‘coheir of a heavenly realm’ – St Wystan and Repton

At the peak of it's power and prestige the Anglo-Saxon kingdom of Mercia stretched from the Humber to the Thames and from the Trent to the border of Wales. The kingdom was converted to Christianity in the second half of the seventh century after King Peada was baptised by Finan of Lindisfarne at Repton, one... Continue Reading →

“Remember the end”

Incorporating images of donors or patrons into the works of art they had commissioned, was a common occurrence in the late medieval west and one that I've written about before. Often these images are shown interacting with other images within a work of art, focusing and portraying a devotion to figures of the saints, or... Continue Reading →

Medieval Vestments 1.0 – Albs, Amices and Apparels

This is a first in a series of brief articles on late medieval western liturgical dress and vestments.  It is intended to provide a brief introduction to the terminology used to describe medieval vestments, for those who are unfamiliar with them.  My intention is to provide a guide that will help fellow art historians describe... Continue Reading →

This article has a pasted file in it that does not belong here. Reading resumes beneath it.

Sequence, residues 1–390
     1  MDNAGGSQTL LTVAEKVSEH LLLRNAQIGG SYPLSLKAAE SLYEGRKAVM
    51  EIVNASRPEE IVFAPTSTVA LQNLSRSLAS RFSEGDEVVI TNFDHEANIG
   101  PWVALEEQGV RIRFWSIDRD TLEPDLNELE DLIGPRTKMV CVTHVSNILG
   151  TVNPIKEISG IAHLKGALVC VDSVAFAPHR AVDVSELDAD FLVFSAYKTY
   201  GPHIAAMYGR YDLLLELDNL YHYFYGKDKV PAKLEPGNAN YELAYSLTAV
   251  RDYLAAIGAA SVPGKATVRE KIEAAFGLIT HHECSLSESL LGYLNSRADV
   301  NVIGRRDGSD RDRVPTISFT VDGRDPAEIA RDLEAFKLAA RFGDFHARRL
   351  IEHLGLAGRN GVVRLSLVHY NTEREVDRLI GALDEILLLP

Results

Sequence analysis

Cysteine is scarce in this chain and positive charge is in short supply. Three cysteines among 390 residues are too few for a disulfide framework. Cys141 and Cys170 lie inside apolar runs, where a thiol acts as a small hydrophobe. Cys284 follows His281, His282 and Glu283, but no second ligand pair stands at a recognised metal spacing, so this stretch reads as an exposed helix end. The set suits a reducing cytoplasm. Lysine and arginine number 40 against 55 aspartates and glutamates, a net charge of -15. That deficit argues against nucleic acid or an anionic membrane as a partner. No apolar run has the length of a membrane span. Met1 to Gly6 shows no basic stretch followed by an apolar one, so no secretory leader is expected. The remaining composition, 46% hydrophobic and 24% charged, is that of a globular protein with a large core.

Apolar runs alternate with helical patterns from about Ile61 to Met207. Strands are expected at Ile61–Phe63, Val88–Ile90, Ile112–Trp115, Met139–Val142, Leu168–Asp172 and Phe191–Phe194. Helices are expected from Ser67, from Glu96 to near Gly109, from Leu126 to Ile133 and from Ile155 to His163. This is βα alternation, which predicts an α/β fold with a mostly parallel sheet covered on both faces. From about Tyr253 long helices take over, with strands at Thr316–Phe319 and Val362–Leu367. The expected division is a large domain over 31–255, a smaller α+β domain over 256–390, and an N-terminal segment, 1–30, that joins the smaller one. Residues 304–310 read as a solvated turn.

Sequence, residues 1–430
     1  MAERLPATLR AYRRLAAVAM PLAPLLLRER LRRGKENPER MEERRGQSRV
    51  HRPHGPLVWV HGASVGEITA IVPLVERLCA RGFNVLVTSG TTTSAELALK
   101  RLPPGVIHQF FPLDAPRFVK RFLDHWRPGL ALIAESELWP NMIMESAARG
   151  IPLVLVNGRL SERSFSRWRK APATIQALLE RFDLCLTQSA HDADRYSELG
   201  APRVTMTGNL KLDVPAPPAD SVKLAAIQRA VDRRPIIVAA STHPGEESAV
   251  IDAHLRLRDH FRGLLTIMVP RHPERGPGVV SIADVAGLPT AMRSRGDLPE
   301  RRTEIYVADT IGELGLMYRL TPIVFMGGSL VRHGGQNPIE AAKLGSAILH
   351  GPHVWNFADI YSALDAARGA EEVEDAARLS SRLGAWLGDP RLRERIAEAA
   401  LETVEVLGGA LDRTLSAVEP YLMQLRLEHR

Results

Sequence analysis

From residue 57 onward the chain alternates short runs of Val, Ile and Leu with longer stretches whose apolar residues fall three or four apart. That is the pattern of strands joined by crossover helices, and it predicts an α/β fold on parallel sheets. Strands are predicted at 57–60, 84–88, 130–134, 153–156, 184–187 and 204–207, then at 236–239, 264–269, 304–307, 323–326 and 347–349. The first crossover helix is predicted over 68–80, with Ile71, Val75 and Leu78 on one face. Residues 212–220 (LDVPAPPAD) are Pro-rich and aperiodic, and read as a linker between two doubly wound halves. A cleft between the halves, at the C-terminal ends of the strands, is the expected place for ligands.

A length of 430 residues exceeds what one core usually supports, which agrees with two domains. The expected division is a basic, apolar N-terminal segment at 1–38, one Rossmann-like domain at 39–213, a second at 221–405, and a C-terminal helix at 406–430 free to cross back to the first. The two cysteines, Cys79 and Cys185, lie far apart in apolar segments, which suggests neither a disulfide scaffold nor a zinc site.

Myth-busting – the ‘Devil’s Doors’ revisited.

Today I am delighted to be able to share with you a guest post written by my colleague Dr Nicholas Groves, in which he discusses the evidence for the most persistent of Ecclesiological myths, that of the 'Devil's door'.  Many medieval doors in churches are blocked up, some of the blocked doors are to the... Continue Reading →

“go to the eternal fire, you accursed” – a painted rood beam

Woodeaton in Oxfordshire has a super little medieval church with lots to delight and catch the interest. The walls have the remains of layer upon layer of medieval wallpaintings, including lots of red ochre lining out on the walls of the nave and a delightful St Christopher facing the main south door, just where you... Continue Reading →

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